Conductor Siegfried Landau and Wife Die in Fire

Your 'hot spot' for all classical music subjects. Non-classical music subjects are to be posted in the Corner Pub.

Moderators: Lance, Corlyss_D

Post Reply
Ralph
Dittersdorf Specialist & CMG NY Host
Posts: 20996
Joined: Fri Mar 25, 2005 6:54 am
Location: Paradise on Earth, New York, NY

Conductor Siegfried Landau and Wife Die in Fire

Post by Ralph » Thu Feb 22, 2007 8:40 pm

Electrical Short Suspected in Fire


By THE ASSOCIATED PRESS
Published: February 22, 2007

Investigators seeking the cause of a house fire that killed the founder of what is now the Brooklyn Philharmonic Orchestra are examining a possible electrical malfunction, the state police said yesterday. The founder and former conductor, Siegfried Landau, 85, and his wife, Irene Gabriel, 77, a former ballet dancer, died in the fire early Tuesday, said Brian Langdon, the Franklin County coroner. Mr. Landau left the orchestra, which was originally called the Brooklyn Philharmonia, in the early 1970s after 17 years, a spokesman said yesterday. Gary Brown of the State Police said that an electrical short in a bedroom might have started the fire.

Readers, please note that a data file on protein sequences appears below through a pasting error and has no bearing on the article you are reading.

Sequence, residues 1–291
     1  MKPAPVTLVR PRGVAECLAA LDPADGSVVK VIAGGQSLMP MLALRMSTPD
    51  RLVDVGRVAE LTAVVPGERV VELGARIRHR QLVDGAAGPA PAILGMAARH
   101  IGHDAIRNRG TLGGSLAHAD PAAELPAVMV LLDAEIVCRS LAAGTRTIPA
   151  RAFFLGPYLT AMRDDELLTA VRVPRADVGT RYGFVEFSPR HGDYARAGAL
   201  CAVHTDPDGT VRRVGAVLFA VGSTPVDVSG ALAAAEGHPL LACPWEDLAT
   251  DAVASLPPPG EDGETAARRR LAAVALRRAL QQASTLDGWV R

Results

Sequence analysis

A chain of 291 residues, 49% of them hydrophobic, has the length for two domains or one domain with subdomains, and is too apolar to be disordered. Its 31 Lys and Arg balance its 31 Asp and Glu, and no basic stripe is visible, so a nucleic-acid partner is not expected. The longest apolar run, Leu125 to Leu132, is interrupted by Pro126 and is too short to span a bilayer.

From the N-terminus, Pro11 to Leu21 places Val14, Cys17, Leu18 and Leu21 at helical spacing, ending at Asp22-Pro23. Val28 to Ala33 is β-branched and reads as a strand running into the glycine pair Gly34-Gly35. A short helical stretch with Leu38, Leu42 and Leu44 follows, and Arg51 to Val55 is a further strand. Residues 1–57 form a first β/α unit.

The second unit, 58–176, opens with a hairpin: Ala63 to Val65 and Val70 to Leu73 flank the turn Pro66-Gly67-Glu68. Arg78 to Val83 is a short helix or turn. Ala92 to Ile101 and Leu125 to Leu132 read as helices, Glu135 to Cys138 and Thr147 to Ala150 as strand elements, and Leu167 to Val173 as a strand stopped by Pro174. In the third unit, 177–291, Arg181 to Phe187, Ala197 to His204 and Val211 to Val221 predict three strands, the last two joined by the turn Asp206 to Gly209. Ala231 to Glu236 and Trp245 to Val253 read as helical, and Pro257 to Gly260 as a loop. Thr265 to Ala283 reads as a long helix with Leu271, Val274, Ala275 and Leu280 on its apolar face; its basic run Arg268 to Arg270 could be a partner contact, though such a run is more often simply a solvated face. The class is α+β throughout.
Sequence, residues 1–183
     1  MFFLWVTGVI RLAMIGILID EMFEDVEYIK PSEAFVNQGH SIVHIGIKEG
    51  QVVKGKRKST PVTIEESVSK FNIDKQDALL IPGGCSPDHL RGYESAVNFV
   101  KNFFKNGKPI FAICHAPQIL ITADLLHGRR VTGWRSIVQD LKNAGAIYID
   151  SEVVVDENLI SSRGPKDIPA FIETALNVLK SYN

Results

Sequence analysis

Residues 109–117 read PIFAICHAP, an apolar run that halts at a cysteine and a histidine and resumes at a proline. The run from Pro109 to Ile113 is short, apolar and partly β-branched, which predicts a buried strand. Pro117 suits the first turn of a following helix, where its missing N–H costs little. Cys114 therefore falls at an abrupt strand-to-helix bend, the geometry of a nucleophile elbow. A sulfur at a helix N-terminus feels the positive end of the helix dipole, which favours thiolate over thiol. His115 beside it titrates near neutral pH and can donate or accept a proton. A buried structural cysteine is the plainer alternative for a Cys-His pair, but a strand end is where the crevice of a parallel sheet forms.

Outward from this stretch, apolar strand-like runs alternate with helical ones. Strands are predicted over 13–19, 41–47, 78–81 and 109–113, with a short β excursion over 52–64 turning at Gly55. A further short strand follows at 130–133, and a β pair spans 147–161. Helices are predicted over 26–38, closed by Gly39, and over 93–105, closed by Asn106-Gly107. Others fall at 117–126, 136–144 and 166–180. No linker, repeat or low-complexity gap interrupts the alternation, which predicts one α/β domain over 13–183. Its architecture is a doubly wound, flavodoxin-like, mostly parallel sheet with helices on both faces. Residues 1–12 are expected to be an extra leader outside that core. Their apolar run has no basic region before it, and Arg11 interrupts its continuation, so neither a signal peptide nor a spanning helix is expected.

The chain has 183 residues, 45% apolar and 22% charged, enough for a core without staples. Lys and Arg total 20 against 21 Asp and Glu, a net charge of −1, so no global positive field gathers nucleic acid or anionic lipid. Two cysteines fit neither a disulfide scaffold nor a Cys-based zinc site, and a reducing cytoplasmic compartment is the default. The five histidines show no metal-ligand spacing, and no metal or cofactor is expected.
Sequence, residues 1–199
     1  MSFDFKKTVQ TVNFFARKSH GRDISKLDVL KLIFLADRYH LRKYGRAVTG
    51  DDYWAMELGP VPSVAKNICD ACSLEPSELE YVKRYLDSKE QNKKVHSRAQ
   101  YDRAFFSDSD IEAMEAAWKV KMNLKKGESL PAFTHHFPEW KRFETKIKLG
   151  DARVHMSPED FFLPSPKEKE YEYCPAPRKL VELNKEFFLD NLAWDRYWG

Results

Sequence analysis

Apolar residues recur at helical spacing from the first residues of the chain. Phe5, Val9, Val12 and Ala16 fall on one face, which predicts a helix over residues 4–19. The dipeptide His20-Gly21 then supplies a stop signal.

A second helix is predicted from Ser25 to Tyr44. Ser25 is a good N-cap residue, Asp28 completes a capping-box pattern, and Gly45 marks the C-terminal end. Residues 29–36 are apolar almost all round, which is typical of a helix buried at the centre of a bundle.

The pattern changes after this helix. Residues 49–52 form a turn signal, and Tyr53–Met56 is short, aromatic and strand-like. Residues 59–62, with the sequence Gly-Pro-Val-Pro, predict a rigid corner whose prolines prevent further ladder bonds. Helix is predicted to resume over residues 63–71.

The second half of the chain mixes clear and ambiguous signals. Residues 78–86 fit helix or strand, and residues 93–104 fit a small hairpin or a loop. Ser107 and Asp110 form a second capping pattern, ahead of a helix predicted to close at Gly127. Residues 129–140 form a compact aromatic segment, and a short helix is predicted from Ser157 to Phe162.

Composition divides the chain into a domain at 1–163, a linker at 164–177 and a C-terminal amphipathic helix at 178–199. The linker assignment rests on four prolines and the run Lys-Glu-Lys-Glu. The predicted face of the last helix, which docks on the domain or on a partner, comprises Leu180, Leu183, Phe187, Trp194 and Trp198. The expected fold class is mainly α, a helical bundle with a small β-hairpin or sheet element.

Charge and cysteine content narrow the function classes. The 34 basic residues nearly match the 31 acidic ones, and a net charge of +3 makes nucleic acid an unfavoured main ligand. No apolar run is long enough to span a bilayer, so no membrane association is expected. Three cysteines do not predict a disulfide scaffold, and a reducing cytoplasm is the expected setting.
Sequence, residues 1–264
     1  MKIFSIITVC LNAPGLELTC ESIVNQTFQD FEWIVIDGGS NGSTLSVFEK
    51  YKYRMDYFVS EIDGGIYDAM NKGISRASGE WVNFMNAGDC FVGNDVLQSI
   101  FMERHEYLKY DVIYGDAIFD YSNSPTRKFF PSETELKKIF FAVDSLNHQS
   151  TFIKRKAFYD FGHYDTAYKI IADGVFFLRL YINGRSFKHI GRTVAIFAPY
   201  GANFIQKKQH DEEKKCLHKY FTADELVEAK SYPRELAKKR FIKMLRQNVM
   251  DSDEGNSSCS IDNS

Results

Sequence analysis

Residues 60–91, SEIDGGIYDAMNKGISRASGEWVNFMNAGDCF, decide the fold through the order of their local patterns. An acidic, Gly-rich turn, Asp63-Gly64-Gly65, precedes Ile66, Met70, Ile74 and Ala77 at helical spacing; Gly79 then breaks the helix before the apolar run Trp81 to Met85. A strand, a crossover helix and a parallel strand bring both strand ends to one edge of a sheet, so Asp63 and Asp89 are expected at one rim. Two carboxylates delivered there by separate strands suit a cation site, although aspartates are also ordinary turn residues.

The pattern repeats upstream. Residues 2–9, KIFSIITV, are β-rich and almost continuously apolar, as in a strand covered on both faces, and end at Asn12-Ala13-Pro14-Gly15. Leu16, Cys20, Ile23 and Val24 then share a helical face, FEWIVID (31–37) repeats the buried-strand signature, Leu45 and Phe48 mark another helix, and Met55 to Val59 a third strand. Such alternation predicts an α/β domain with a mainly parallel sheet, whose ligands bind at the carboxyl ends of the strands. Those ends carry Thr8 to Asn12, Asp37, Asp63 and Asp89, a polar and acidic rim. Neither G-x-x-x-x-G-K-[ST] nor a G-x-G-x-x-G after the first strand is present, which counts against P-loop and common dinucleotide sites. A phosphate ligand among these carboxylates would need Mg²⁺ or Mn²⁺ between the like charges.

Image

"Only two things are infinite, the universe and human stupidity, and I'm not sure about the former."

Albert Einstein

Lance
Site Administrator
Posts: 17621
Joined: Fri Mar 25, 2005 1:27 am
Location: Binghamton, New York
Contact:

Post by Lance » Sat Feb 24, 2007 4:45 pm

Very sorry to see Landau's career end this way. I have many recordings (I think on Vox) with Siegfried Landau conducting. How tragic. Nobody knows how things are going to end ... maybe it's better that way. The poor man had suffered much losing most of his family in the Holocaust. Here's another story and link. Wish I could find his birth date.

http://www.nysun.com/article/48982?page_no=3
Last edited by Lance on Sat Feb 24, 2007 4:56 pm, edited 2 times in total.
Lance G. Hill
Editor-in-Chief
______________________________________________________

When she started to play, Mr. Steinway came down and personally
rubbed his name off the piano. [Speaking about pianist &*$#@+#]

Image

Corlyss_D
Site Administrator
Posts: 27663
Joined: Fri Mar 25, 2005 2:25 am